GWEN: Progress and Recommitment

Five years ago, Edelman launched the Global Women’s Empowerment Network with the primary goal being the equal representation of women among our most senior leaders.  At the time, although 68 percent of our total workforce was women, that number dropped to 37 percent in leadership positions. Addressing this gap and creating a more gender diverse leadership was, and is, above else simply good business.  In this blog post, I will report on our progress, recognize our shortcomings and commit to reaching the ultimate goal, which is to be 50/50 in terms of women in leadership.

 Here’s a quick overview of where we currently stand:

On the general manager, global client leader or practice leader levels or above, that 37 per cent November of 2011 has improved to 40 percent today.

On our Executive Committee, women account for 36 percent of the total, up from 25 percent.

Women now make up 70 percent of practice and sector leads, up from 40 percent.

Women are half of our global client leaders, up from 33 percent.

A woman now runs our largest office and our second largest region.

Beyond the progress on numbers, we have made improvements in many other areas. Of benefit, I hope to all employees, male and female, we have introduced more formal mentoring programs across the firm and adapted our HR policies to a family friendlier work environment that include flexible work time. We are supporting the International Women’s Forum (IWF) and their program and created a community of more than 800 active GWEN members.  I want to thank all of them and our GWEN steering committee of female senior leaders for their continued passion.  

We have several great examples of women who started their careers here right out of school and rose to the highest levels of management all while raising families. Lisa Sepulveda, our chief client officer, who started her career at Edelman as an assistant and is now a member of our executive committee, is one of those examples:

“I started my career at Edelman right out of school as an account coordinator. When I look back now on my 30 year career, I reflect on the incredible and challenging opportunities.  Along the way, I learned how to manage the balance of work and my family.  When I travel the globe I give GWEN talks to women around the network, and all are eager to hear how I balanced, grew and advanced. Mentoring is and always has been, a cornerstone for me.  We’re doing a better job of advancing female role models, but there’s still room for improvement. I’m determined to keep at the goals we set, in order to have more success stories and role models for the next generation.”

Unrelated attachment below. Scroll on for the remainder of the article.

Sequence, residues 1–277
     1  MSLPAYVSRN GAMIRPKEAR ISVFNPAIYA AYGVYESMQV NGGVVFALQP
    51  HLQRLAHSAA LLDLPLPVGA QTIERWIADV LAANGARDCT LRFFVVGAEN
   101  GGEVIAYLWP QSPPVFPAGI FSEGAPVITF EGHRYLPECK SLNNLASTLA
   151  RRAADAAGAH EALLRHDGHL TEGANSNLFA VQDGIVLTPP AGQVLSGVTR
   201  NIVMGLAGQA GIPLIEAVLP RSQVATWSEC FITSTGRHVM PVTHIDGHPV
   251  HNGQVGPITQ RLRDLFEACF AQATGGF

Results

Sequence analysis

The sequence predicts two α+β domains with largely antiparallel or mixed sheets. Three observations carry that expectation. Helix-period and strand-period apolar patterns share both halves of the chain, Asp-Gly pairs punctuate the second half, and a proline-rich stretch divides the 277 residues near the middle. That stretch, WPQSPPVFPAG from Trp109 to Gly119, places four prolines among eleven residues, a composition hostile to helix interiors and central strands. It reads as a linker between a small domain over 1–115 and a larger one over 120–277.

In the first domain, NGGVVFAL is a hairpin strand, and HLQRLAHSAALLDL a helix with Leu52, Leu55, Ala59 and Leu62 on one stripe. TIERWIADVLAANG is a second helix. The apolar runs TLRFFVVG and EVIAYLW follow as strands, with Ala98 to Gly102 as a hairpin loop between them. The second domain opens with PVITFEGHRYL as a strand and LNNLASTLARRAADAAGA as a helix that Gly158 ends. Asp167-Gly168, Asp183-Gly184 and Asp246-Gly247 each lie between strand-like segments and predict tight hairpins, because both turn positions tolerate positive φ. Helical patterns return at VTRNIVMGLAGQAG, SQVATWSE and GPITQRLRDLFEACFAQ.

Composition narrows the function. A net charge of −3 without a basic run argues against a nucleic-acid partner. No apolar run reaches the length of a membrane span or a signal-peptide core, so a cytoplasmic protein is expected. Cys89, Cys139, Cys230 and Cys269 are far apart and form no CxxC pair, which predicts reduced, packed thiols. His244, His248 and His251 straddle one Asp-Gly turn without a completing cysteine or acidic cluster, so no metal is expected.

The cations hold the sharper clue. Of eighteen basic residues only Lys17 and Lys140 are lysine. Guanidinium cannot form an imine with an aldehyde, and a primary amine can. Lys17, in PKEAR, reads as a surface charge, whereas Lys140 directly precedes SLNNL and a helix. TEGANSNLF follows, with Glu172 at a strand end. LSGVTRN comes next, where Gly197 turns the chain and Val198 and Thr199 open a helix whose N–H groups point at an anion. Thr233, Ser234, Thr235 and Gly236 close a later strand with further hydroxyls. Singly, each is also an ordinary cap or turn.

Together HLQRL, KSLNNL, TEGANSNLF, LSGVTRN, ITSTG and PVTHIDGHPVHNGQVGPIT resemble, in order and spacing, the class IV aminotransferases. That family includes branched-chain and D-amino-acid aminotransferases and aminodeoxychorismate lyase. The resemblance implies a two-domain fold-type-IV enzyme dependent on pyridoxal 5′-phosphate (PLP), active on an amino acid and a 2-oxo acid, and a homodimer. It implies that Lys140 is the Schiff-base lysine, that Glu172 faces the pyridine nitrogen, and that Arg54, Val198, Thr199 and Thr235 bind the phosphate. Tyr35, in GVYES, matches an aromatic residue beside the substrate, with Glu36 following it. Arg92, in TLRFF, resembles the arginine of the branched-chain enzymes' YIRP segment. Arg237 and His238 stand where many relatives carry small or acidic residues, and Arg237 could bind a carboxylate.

So all of this is quite positive. Not yet at our goal but moving in the right direction. What’s not going so well?

Representation of women still drops the higher the level. Specifically, women make up 63 percent of Level 4 employees, 46 percent of Level 5 and 40 percent of Level 6. So the big change is between VP/SVP and EVP. To staunch the outflow of talent at the key Level 5, we are implementing improved maternity leave and caregiver policies, family rooms and child care assistance and flexible time. Our biggest drops still occur in Asia and Latin America, though there has also been good progress there in recent years.  

There is some evidence of residual feeling that Edelman is a “boy’s club,” in recent reviews in Glassdoor. I have a very specific agenda in this program. My daughters will succeed me as owners of the firm. They will want to inherit a business that reflects the best meritocratic values of a gender-blind workplace. They will also want to satisfy the demands of clients such as HP that have made diversity a key criterion in agency selection. Edelman has been built by outstanding women, from Pam Talbot to Helen Douglas to Betsy Plank. Great women, in partnership with great men, will continue to take us forward. 

I am personally committed to the 50 percent target. And to ensure that we reach that mark we are implementing several measures, including:  

  1. Working against stereotyping and bias and ensuring that hires are made and promotions are given based on merit only.    A company-wide training program, starting with leadership levels, will be implemented, starting in FY 17
  2. We will continue to recruit, promote and manage succession planning purely on merit, but increase our focus on ensuring each of these steps is taken from a gender-equal point of view.  As an example, we will commit to making sure selection pools for vacant positions contain both men and women. 
  3. Committing to equal pay and conducting a company-wide pay analysis to identify and tackle any potential gaps, finalized in FY 17.

The GWEN program was started by Gail Becker and now is led by Cornelia Kunze, who runs our global mid-sized client program. Cornelia and I agree that it may take us five more years to get to our promised land. We are committed to getting there.

Richard Edelman is president and CEO.